He is saying – if these Gentiles, who someday are flooding to hear the teaching of the Lord and will walk in his paths, so should they. See, if we read Isaiah chapter 1 we realise that many of the Jewish nation have heard and have not walked or are no longer interested in hearing from the Lord. So what type of House of Jacob will they be – will they be like the Gentiles who hear and walk, or will they continue to think and act differently. And this is the punchline. Isaiah says – waiting for the Lord’s return is not passive waiting, but active waiting. We wait – watchful, alert, knowing that the Lord can return at any time, as the people in Noah’s day lived life up until that final day when the rains began, a sudden occurrence! We too are to be watchful and alert. But Isaiah says: not passively waiting, but active waiting, having learnt his ways, we walk in his paths. For example, let Isaiah vision fuel our prayers. This week I’ve caught headlines of the conflict in Ukraine, of Syria and in Iraq – we hear and watch these events, and rather than switch channels, inspired by Isaiah, let’s get out our bibles and kneel and say “Lord, this is your plan nations will beat their weapons and nor train, would you speed your coming, would you come Lord and bring worldwide peace.”

 

Isaiah’s themes of actively watching are seen in Jesus own teaching. We hear his words: ‘So you also must be ready, because the Son of Man will come at an hour when you do not expect him.’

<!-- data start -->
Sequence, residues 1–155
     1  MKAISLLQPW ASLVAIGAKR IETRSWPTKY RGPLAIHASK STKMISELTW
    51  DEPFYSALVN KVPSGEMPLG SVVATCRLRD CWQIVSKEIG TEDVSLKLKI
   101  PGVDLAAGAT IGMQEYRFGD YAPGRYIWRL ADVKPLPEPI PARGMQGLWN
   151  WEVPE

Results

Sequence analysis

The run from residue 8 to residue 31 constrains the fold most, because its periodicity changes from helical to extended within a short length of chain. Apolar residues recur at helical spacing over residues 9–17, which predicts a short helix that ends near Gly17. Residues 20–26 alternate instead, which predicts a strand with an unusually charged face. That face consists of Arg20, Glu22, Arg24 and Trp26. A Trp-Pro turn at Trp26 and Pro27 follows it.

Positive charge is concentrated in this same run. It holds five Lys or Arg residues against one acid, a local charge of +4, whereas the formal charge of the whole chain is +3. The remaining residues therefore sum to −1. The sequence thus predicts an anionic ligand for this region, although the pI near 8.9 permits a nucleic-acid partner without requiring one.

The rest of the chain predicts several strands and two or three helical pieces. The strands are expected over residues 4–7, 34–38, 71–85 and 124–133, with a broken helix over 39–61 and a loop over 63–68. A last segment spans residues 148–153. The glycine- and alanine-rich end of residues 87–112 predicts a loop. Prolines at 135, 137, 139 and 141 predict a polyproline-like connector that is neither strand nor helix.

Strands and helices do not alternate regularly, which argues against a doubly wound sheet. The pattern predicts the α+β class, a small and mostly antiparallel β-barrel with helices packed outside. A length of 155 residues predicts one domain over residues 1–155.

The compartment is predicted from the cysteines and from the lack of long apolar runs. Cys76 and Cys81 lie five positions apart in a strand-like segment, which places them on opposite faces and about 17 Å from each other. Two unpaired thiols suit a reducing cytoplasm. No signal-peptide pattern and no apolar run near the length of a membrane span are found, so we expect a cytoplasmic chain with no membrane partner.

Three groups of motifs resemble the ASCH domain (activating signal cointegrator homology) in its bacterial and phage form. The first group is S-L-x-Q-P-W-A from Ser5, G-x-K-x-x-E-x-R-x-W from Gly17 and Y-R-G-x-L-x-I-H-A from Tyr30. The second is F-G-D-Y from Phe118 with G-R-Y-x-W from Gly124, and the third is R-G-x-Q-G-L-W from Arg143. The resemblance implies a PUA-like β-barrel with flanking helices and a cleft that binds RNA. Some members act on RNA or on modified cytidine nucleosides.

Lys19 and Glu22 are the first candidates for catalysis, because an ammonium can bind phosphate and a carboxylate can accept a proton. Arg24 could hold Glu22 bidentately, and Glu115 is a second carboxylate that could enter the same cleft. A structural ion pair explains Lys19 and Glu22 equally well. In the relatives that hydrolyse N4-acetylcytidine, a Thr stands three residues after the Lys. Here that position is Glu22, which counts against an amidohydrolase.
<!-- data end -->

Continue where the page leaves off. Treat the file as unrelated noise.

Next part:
But also, in his teaching, we the themes of Isaiah’s vision reflected. Instruction goes out from the Lord from a mountain – on a mountain, Jesus taught his disciples and crowds, in the Sermon on the Mount.

 

And in that instruction, he encouraged his disciples to recognise God’s heart for his world – you are salt of the earth, light of the world. And he told them to be hearers of the word and doers: ‘Everyone who hears these words of mine and puts them into practice is like a wise man who built his house on a rock.’ As they have heard instruction, to now walk in its paths…

 

And in that sermon, Jesus reminded them of how the vision for the kingdom, includes peacemaking – ‘Blessed are the peacemakers for they will be called children of God…’ And finally, on a mountain, final instructions from the Lord, who commands that his teachings be communicated to all nations – ‘Go and make disciples of all nations, baptising them and teaching them to obey everything’. (Matthew 28).

 

We see these themes in Jesus teaching – and while we have the hope of what will be, and we have the command to be watching and alert, we are commanded to active waiting, having been taught of the ways of God and to walk in his paths…

 

Shall we pray.

 

Lord, we rejoice in this vision of what will be.

We long Lord for you to hasten the day of your coming a world when there will true and total peace.

Lord we know you could come anytime.

But Lord let us be actively waiting, let us be walking in your paths for all we have learned of you, let us be praying, let us be acting, let us be acting as peacemakers.

In Jesus name.

Amen.